For over a week now, some 100 laid-off miners and their families have occupied a railroad track in Kentucky’s Harlan County, blocking a train loaded with coal that the workers dug out of the earth but never got paid for. The miners want their jobs back, if possible—but first of all, they want their wages for the work they already did. Blackjewel LLC abruptly shut down all its mines and filed for Chapter 11 bankruptcy. Partway through a shift, workers were told the bad news and sent home. The miners never got their last paycheck. And their second-to-last paycheck, already deposited, disappeared from their bank accounts. The miners also never received any paper notice of their layoff, which proved a bureaucratic obstacle when they filed for unemployment. Another major Kentucky coal producer, Cambrian Coal LLC, also plans to sell off its assets in a Chapter 11 bankruptcy case that could impact hundreds of coal miners in Eastern Kentucky. (Photo: Megan Roark-Halcomb via Labor Notes)

East Asia

Worker protests in China’s automotive sector

Employees at Hubei Meiyang Automobile Industry Co staged a demonstration to protest “illegal dismissals, wage arrears and compensation payments.” Meiyang Auto, a “new energy” start-up based in the central city of Xiangyang, had been in production for less than two years before halting operations. Workers at Eastone Automotive in Shanghai’s Pudong district also staged a protest claiming they were owed around 40 million yuan in wages in arrears stretching back to the beginning of the year. Employees claimed they were being forced to leave without any compensation, and appealed to the local government for help. So far this year, China Labour Bulletin’s Strike Map has recorded 25 collective protests by workers in the automotive sector, up from just five in the same period last year. The protests, mostly related to layoffs and wage arrears, have occurred in car plants, components factories, dealerships and service centers, and even car rental agencies. (Photo via China Labor Bulletin)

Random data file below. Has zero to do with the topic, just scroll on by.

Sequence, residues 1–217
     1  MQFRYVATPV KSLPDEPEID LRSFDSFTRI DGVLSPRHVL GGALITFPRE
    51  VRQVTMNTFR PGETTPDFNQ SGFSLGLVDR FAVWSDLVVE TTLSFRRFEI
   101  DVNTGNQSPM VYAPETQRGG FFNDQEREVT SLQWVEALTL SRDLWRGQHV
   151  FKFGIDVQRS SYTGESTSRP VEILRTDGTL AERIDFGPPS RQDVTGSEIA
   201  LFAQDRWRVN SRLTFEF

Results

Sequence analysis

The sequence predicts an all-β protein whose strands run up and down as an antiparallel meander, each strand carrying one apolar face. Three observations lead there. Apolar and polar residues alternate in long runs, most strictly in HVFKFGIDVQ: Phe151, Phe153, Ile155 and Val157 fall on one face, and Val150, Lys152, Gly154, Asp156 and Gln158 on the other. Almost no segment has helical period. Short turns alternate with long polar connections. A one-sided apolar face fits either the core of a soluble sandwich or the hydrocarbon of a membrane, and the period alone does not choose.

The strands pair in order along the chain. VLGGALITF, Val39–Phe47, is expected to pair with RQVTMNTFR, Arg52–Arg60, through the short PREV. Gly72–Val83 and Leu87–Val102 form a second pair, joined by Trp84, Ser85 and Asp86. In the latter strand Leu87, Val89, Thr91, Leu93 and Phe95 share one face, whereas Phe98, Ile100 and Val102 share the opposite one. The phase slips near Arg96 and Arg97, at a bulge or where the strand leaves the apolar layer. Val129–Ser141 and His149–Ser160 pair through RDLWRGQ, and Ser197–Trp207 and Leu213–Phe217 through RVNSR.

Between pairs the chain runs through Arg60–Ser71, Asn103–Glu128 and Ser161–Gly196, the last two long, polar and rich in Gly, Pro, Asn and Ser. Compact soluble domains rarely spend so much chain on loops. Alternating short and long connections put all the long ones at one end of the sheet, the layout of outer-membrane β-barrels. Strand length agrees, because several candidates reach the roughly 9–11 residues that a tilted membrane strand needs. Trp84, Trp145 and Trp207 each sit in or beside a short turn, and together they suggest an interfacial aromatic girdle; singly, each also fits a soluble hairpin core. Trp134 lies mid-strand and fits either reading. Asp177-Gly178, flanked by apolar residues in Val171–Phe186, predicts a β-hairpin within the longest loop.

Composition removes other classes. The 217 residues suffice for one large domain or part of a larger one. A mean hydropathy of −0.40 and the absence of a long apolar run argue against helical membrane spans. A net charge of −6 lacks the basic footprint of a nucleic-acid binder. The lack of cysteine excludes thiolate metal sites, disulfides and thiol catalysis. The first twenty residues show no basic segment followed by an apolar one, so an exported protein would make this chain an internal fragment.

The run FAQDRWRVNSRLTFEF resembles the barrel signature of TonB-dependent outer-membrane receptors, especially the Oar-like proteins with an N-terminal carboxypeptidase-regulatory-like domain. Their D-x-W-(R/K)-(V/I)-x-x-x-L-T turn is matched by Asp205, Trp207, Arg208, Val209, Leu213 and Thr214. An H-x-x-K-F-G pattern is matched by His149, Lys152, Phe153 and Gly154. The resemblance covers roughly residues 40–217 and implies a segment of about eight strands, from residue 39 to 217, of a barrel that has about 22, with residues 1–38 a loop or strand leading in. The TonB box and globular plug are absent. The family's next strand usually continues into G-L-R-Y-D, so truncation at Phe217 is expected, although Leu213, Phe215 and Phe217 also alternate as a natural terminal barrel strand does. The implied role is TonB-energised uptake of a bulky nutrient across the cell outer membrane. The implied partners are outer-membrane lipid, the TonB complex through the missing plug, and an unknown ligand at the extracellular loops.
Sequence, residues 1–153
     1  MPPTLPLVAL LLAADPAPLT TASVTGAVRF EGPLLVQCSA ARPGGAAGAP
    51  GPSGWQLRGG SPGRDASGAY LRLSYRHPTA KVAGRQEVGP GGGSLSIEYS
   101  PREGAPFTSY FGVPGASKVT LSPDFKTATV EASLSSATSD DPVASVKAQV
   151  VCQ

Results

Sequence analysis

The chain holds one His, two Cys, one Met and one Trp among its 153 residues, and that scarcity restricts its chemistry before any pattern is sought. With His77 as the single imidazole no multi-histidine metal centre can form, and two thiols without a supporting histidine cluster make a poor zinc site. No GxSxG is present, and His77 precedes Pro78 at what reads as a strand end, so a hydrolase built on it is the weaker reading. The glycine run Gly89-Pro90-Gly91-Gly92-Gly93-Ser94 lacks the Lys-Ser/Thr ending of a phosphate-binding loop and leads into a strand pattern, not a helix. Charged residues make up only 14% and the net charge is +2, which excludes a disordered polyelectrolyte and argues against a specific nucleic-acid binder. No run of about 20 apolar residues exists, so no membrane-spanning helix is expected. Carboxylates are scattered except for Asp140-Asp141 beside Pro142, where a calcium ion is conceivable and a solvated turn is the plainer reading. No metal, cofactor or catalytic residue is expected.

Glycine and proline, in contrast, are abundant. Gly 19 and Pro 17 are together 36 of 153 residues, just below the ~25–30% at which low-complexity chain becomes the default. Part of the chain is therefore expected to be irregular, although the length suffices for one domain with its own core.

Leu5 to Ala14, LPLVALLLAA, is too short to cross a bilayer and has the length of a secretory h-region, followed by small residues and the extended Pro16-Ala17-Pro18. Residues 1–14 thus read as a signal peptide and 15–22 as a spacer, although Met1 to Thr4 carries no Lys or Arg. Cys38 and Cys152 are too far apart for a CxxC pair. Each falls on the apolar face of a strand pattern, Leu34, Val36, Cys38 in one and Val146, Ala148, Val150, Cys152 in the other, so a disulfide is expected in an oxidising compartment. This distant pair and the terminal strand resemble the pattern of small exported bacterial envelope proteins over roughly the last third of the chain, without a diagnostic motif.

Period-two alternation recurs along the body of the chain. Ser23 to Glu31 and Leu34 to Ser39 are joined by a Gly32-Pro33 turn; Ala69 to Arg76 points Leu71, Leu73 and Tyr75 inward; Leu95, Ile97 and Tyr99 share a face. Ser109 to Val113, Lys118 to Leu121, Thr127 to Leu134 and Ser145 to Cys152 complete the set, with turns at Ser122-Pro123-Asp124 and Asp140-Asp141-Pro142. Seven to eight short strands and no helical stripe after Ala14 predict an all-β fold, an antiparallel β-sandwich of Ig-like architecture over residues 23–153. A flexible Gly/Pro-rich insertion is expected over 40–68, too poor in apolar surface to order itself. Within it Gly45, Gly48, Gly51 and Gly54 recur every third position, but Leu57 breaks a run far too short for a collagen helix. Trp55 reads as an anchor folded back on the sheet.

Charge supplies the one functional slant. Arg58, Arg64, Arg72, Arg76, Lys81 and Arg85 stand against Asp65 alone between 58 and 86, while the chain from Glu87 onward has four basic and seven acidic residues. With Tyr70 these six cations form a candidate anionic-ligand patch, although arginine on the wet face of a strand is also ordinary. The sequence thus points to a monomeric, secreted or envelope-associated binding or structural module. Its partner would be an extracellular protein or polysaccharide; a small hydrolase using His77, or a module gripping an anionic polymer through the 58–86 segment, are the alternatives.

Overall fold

Africa

Land defender slain in Democratic Republic of Congo